Jennie Khan

Freelance Cellist and Teacher

Jennie Khan is an Auckland based cellist and cello teacher. She has a variety of experience performing both here and in Europe and has been teaching students of all ages for many years.

Developing Technique - How, When and Why?

I have been thinking lately about the importance of technique. Is it imperative to being a successful instrumentalist, or merely a means to an end - that of artistic musical expression?

Following various discussions with colleagues and other teachers, considering both my own and my students techniques I find myself conflicted.

Of course I want my students to develop good technique. But prioritising mastery of technical aspects at the cost of moving through enjoyable and inspirational repertoire? Perhaps this philosophy will never produce any virtuosos, but I do believe music is more about creativity, expression, and sharing and enjoying the art than being technically accurate.

Personally I feel, as a teacher I need to strike the right balance with each student between developing the technical aspects and building a repertoire that is fun and musically satisfying. This varies depending on age, motivations and learning style.

There are differing opinions on when children should start learning, but whatever the age, a child's developmental stage must be catered for. At 6 motor skills and cognitive skills are still developing, gross motor skills come before fine motor skills (which are mostly used in instrumental playing). By 8 or 9 the child should have reasonable dexterity - a good judge could be in handwriting. Yet children are, of course, still developing, things like the fine motor skills are still being refined. On top of this, we all develop at varying rates, a young student may not be physically able to correctly manipulate the bow for example - right at this moment in time, it's just not happening - but that isn't to say that it never will.

I believe little exercises and gentle corrections of technique repeated over the weeks and months will set it in place in the long term. Considering also, social development, young students are starting to find their independence and their own self confidence. Music can help this flourish, but we must balance the criticism with commendation, that students don't lose interest or become frustrated or insecure in their own ability.

For adult beginners I believe the same applies, albeit from a slightly different perspective. In respect to the physical, movements might be more restricted, fingers for example that have never made these movements may find it hard to form the correct shape and to work independently as required. That's not to say you can't teach an old dog new tricks so to speak, it just might take longer, you might need to find some work-arounds. Of course I wouldn't intentionally ignore practicing good technique, but for most adult students, the goal is to do something for themselves, to have fun and enjoy playing. At the start it can be challenging, everything is so new, and as an adult student you must be 100% self motivated, not the same as for the youngsters who have parents reminding them to practice!. So with that in mind, there needs to be some satisfaction in playing right from day one. Finding that balance between technical requirements, enjoyable repertoire and a sense of ongoing improvement, otherwise it becomes a chore, while other commitments and responsibilities take over.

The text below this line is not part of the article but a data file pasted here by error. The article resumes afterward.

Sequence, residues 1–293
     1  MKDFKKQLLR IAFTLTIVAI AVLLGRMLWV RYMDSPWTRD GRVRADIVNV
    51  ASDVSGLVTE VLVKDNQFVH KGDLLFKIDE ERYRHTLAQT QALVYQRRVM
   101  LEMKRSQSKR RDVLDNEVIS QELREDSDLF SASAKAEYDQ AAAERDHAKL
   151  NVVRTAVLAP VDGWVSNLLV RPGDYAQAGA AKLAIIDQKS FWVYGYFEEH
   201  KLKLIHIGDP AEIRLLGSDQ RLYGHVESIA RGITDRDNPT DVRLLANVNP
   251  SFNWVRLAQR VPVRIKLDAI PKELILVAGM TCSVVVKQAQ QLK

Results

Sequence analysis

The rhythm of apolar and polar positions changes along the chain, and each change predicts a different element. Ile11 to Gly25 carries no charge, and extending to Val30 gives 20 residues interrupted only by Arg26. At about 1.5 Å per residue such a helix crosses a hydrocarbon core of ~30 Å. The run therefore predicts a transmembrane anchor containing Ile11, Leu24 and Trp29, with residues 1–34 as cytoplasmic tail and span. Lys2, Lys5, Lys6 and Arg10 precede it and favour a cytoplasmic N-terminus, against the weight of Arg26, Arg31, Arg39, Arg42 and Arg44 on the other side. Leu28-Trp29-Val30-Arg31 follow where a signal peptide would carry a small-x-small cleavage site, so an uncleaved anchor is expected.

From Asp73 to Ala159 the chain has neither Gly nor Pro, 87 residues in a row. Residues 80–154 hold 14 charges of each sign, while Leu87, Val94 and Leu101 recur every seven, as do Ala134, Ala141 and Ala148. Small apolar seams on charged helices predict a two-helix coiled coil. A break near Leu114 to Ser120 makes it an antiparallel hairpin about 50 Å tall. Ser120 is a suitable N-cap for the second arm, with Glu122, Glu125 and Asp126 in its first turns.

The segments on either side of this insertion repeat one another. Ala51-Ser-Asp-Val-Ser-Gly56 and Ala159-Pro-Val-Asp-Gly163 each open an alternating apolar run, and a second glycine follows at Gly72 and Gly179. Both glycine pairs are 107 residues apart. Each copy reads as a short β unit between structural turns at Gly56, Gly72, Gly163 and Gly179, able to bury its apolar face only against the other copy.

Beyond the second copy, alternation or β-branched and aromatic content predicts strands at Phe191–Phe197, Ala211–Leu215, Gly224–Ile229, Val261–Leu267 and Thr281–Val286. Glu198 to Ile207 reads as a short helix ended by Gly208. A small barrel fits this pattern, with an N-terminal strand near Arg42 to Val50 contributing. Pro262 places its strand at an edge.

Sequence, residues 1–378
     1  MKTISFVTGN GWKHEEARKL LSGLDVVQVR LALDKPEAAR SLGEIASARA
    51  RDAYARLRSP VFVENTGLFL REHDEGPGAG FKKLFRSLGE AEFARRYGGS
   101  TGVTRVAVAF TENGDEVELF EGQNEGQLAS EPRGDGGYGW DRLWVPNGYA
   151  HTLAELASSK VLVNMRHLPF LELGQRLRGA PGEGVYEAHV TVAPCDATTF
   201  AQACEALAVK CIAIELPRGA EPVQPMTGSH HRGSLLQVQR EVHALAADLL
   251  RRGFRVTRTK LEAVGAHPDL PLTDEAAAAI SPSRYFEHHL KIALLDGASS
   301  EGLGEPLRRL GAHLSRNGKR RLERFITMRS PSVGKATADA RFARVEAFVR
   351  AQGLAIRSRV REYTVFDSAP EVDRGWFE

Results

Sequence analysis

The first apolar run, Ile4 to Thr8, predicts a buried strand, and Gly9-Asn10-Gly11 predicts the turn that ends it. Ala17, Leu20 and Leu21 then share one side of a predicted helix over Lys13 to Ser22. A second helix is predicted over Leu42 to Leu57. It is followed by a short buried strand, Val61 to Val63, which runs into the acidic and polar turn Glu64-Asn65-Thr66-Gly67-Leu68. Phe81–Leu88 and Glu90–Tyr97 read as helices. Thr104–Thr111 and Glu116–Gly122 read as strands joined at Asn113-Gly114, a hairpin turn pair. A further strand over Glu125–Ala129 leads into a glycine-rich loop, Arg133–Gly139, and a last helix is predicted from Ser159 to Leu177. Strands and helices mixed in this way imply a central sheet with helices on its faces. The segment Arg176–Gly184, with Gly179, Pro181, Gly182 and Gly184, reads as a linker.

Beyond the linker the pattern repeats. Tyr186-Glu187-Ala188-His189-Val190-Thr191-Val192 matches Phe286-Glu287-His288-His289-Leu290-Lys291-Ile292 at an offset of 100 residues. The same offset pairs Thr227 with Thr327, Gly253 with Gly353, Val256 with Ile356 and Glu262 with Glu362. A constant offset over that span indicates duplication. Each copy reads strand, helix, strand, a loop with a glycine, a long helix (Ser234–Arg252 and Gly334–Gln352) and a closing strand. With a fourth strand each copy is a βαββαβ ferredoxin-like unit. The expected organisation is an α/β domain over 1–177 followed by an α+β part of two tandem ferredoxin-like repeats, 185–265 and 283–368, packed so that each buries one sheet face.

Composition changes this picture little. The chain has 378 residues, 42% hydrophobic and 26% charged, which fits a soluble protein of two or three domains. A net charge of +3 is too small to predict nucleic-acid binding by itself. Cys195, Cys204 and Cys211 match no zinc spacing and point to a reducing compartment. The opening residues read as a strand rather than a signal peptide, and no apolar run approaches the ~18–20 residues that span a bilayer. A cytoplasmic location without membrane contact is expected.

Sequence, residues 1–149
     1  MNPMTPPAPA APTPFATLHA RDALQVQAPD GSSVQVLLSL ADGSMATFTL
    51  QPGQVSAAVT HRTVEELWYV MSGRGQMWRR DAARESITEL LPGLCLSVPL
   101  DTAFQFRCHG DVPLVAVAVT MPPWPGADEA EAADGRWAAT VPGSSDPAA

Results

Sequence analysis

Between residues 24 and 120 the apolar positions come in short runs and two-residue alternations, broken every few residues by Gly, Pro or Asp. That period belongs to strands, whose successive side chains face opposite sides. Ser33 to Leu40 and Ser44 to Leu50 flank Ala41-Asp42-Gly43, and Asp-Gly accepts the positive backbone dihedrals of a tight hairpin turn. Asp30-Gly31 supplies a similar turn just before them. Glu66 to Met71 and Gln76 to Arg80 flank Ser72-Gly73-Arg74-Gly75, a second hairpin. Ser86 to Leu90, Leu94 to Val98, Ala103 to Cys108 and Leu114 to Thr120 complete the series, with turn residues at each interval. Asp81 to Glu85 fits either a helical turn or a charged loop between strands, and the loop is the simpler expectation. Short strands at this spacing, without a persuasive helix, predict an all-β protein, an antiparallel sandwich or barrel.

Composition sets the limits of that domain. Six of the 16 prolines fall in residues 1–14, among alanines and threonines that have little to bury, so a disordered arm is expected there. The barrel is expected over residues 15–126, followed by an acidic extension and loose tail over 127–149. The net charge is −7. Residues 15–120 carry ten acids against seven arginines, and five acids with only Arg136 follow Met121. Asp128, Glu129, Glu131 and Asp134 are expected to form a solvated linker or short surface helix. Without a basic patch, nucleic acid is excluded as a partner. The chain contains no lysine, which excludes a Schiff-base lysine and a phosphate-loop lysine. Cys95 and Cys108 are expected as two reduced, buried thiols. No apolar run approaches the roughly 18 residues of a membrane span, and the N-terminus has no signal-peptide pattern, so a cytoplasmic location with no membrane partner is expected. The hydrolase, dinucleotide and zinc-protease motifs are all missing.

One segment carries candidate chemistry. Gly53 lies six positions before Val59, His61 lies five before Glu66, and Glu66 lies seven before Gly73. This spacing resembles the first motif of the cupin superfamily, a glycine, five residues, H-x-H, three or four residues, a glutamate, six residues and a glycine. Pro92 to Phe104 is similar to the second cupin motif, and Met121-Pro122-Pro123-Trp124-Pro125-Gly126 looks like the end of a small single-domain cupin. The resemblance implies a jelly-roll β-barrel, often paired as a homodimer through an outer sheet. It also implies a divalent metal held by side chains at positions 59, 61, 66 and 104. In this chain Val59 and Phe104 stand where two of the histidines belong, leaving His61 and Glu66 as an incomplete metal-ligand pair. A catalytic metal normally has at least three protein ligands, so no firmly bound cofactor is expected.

In both cases, particularly considering beginners, the importance of technique is to allow us to achieve a variety of good sounds, and without pain or injury. But there is no one size fits all way of playing. Even among great musicians, beyond certain cornerstones, there are many different ideas about how to achieve certain sounds. Our technique should be allowed to evolve as does our musicianship. Besides, we are all built differently so it would follow that we move around our instruments differently too.

I would tend to approach the development of technique in a slow-burn kind of way, over time muscles will get used to certain movements as the player starts to get the feel for how they can achieve the sounds they want to make. The bottom line - it should feel natural and without tension.
In the meantime working through a variety of repertoire that is at both challenging and satisfying. And, as time goes by we make constant adjustments and improvements. If we turn the learning into an iterative process it seems to me that the brain can come to grips with the new movements. The new ideas musical and technical have time to brew and mature in parallel.

I may be wrong, but I'm not convinced that labouring technique is necessarily that effective. Music is an art after all so I consider that nurturing the enjoyment and musical expression of emotions to be a more pertinent endeavour for the developing musician. A student who is enjoying music is always prone to more and better practice. It's all in finding the right balance for the student I guess.

Please share your thoughts on this in the comments below, it's a worthwhile discussion to have and helps me to improve what I do.

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